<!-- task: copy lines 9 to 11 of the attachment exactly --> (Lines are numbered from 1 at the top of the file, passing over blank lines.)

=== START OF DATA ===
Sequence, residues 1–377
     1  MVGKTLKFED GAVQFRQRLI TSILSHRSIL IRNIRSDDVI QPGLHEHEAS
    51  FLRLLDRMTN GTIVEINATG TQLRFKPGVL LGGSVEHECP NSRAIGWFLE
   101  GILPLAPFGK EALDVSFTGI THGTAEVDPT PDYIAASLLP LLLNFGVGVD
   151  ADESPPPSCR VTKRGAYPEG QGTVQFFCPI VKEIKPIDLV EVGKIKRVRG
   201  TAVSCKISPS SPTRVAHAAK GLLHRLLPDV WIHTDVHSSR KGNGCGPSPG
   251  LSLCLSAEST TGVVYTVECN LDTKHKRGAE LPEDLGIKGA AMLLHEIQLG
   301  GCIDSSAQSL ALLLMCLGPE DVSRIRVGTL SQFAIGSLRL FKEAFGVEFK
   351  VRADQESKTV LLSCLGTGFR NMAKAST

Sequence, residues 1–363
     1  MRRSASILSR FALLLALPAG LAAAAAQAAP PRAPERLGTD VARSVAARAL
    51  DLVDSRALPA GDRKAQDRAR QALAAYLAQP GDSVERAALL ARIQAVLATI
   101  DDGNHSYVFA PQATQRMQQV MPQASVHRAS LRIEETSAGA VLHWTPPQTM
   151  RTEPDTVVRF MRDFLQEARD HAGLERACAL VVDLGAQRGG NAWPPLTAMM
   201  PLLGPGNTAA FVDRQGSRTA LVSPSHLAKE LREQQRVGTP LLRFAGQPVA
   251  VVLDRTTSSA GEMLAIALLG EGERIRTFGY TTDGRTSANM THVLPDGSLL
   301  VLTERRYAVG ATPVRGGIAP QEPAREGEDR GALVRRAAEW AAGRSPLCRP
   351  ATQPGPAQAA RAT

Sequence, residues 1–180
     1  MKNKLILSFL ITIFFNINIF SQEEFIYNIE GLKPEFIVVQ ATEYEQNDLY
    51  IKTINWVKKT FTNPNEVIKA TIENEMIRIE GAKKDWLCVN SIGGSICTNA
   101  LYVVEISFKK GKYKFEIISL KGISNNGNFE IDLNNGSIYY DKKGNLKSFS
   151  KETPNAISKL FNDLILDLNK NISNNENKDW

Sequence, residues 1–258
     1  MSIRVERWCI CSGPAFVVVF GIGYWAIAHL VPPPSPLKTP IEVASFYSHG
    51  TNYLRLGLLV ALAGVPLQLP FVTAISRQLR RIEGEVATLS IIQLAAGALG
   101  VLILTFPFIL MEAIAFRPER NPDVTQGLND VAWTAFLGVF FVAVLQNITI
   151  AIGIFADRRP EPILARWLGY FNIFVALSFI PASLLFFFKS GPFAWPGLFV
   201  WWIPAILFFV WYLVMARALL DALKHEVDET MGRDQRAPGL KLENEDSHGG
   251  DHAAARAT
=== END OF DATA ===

   351  VRADQESKTV LLSCLGTGFR NMAKAST

Sequence, residues 1–363
     1  MRRSASILSR FALLLALPAG LAAAAAQAAP PRAPERLGTD VARSVAARAL